For Warren and me Chinese New Year has always meant family and friends. To express our love and affection we do what we do best: offer good food. For many years our Chinese New Year celebration centered on a ten-course banquet. Our nieces would invariably be the focus of the evening. But this year was different. One of our nieces is now living in Singapore and the other one is off in college at Cornell University. Fortunately we live in a Harlem apartment building full of young and lively families. They have become our extended family, so our Chinese New Year tradition continues with them.
If you feel that this has been a very hot summer then you’re right. In fact this last twelve-month period is the warmest ever recorded in the U.S. according to the National Oceanic and Atmospheric Administration. To escape the heat of July and August, residents of overcrowded cities throughout the Northern hemisphere abandon their homes and flock to the nearest beach resorts. Over the last several years something else has been gathering to welcome the tourists: the jellyfish.
Juggling consulting work at Lotus Blue and other freelance consulting gigs, I almost neglected my own family’s reunion dinner for Chinese New Year. But since we were entering the Chinese zodiac’s dragon year it would have been improper not to have a grand celebration to welcome it. Among the flurry of my activities I staged a sumptuous Dragon Chinese New Year banquet for a small group of family and friends.
I am very fortunate to be living in the most wonderful building in the greatest city. This year my schedule around Chinese New Year was absolutely crazy. What with cooking classes, cooking demos, panel discussions and a guest chef event I had neglected preparations for my own family New Year dinner. The day before New Year’s Eve only four members of my family had been invited and confirmed. I was not looking forward to spending a quiet New Year’s Eve celebration with so few people. Determined to change this I turned it into a festive gathering of friends and neighbors.
There is something slightly disconcerting about planning a dinner intended entirely to highlight different kinds of exotic meat such as wild boar, veal, pork, quail, rabbit sausages, lamb sausages and oysters. Separately they each would make a winning dish, but how would you put them all in one dinner without overwhelming the diners. Should there be a specific style of cuisine? What kind of supplementary ingredients would be suitable? This was the challenge Christo at Chez What? faced when offered a bounty of these meats from Marx Foods to sample. His solution was to invite a few bloggers to get together and cook.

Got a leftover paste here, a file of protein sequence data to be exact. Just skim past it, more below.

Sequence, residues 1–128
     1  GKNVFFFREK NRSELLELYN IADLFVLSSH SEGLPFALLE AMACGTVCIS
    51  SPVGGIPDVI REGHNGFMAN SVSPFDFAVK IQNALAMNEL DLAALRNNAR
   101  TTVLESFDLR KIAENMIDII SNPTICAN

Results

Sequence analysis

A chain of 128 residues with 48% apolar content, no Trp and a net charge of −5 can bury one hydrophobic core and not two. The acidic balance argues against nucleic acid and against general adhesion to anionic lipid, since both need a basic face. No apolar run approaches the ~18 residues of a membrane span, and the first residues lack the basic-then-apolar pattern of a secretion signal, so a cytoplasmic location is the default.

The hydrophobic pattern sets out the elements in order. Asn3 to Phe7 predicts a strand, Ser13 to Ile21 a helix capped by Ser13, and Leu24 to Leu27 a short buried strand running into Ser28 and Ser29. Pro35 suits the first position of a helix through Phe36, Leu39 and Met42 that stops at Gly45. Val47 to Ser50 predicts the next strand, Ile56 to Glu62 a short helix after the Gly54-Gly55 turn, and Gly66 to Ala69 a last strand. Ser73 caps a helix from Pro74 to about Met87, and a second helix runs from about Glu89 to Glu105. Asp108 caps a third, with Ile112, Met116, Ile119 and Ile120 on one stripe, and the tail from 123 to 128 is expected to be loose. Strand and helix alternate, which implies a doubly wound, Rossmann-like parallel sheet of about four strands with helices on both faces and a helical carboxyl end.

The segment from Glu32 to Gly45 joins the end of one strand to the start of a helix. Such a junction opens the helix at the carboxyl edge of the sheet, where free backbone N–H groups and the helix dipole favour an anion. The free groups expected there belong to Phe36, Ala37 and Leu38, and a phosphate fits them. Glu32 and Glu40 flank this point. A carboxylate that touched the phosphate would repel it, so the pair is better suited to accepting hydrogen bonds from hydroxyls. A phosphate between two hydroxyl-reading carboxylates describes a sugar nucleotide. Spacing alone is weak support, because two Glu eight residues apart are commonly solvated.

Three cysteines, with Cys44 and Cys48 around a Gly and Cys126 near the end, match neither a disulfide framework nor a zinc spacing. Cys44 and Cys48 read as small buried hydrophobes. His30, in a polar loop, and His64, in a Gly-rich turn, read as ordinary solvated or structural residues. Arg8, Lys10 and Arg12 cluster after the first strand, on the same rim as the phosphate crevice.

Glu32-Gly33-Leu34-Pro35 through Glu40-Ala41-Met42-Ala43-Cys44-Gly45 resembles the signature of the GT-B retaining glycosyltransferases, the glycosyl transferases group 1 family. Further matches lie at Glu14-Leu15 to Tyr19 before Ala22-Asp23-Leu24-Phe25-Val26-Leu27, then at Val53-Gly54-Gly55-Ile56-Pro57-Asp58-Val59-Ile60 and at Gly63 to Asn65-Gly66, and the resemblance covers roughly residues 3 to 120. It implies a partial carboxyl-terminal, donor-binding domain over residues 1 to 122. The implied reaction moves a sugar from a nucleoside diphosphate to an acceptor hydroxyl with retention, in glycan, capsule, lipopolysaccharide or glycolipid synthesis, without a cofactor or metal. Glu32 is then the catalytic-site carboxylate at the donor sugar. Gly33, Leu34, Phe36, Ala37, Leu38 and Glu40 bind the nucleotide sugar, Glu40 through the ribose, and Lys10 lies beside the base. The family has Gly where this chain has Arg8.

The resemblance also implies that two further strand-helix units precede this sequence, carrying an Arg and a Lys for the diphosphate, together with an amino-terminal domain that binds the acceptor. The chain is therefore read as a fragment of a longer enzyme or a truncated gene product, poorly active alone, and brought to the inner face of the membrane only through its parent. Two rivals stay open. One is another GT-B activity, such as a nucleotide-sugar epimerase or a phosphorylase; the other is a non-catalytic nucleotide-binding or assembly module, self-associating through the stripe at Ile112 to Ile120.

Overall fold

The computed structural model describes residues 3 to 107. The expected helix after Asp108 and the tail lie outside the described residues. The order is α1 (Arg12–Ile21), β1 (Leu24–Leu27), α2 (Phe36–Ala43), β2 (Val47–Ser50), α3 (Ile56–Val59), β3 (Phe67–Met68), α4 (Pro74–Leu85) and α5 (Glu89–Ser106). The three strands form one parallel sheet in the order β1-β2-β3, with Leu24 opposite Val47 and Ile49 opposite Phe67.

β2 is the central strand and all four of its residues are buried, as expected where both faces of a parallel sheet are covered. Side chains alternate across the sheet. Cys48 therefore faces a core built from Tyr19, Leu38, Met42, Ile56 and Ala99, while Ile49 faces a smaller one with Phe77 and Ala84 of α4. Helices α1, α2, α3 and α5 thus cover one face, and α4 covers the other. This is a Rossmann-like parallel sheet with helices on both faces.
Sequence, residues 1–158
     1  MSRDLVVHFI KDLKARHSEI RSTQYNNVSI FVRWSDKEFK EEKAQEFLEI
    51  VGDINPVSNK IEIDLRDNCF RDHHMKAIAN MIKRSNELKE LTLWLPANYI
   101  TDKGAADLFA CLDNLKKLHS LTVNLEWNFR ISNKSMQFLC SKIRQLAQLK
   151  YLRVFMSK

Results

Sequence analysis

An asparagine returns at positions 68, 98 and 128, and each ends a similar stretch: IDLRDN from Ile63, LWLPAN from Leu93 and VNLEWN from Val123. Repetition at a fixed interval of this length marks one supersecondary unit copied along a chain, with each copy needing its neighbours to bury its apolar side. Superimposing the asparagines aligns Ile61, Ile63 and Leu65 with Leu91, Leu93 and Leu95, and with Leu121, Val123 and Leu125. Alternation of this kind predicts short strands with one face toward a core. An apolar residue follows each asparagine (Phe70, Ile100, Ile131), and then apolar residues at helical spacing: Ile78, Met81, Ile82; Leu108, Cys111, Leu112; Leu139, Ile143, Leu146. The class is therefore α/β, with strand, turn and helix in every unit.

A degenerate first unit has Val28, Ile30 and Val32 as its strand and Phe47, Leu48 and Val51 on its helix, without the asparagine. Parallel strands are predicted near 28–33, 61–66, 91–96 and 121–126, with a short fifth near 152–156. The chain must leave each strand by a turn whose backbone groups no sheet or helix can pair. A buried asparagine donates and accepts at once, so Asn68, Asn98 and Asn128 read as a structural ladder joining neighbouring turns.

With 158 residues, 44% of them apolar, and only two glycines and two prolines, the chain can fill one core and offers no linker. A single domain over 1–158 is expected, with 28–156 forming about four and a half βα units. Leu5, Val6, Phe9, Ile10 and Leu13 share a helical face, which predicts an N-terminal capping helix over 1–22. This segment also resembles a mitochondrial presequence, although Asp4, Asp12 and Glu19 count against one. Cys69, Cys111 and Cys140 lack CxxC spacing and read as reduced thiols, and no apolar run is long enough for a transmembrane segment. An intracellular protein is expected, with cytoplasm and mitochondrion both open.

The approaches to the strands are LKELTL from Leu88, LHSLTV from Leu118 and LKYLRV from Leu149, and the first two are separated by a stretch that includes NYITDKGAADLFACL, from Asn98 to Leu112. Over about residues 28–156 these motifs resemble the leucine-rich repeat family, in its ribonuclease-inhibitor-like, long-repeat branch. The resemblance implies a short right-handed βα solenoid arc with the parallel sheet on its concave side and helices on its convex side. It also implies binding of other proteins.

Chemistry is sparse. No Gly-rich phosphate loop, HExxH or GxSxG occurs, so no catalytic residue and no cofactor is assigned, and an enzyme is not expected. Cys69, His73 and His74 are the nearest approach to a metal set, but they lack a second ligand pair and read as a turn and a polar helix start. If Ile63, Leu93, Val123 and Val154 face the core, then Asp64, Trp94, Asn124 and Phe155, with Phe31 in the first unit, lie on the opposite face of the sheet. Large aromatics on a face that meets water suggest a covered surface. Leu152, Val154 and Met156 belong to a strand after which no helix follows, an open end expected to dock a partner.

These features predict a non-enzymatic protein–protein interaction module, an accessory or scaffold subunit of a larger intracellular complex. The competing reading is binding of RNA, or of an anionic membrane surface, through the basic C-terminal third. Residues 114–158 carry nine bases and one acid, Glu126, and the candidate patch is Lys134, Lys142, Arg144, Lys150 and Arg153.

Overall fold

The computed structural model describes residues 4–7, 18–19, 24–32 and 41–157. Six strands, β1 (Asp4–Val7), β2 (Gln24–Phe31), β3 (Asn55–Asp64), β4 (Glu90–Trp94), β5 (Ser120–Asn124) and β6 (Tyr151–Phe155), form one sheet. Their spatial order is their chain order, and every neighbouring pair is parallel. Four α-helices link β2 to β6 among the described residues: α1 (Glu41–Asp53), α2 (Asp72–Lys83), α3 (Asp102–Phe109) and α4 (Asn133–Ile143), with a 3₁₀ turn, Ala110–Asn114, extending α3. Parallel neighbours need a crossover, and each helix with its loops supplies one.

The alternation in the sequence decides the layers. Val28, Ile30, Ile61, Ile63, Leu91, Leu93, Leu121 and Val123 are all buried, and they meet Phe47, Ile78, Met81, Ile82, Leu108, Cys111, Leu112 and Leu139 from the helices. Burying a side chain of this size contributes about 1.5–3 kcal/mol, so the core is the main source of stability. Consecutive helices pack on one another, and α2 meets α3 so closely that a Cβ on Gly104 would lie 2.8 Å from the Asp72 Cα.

We’ve just entered the year of the tiger and according to the five elements of Chinese geomancy it is the metal tiger year, which is also known as the white tiger year. Consequently for most people it is to be a turbulent period with unpredictable outcomes and uncertain prospects. But if you were born in the year of the sheep, horse, dog, tiger, ox or dragon, you’re in luck because your birth sign counteracts the negativity. You’ll have more good fortune and opportunities for success in your career this year. Since I was born in the year of the horse I’m due for some good fortune or career success. But as a practical man that I am I just wish for a successful New Year’s dinner.
When I prepare a dinner party at home I try very hard to put together a plan with menu, ingredients list, preparation schedule, dinner service schedule and all. But I have never been able to put together a foolproof plan. There would always be last minute items I forgot to buy or cook. Warren will always be the one to rescue me by going across the street to Pathmark and get whatever I forgot. Now imagine working with a group of star chefs preparing a six-course Chinese banquet for 250 guests at the James Beard Foundation gala dinner and auction. The logistical problems as you can imagine increased many fold.
What’d you do when an opportunity comes up to meet star Chinese chefs from all over the world, and work with them in a kitchen presenting a banquet? You jump at it. That was the offer a little over a month ago from a friend at the James Beard Foundation. They needed someone who spoke Mandarin to help escort and assist the chefs from China during their gala auction and conference. I immediately agreed to volunteer. After a full month of coordinating with the foundation, I finally spent four days with the chefs last week. What follows is the story of a journey through the world of star chefs that’s harrowing, entertaining, educational and, most of all, fun.
Photography by Ron Boszko We did it! We had a blast on Saturday night. I managed to serve the full ten-course dinner without any mishap. We even photographed each course of the meal. My friend Ron, who is a great photographer, helped me with the photography. We set up a small “studio” area in our bedroom. Each course was carefully transferred to the “studio” prior to serving. And what great guests we had, they were so patient with the entire process. I love my neighbors! So, I am now ready to share the dinner with all of you!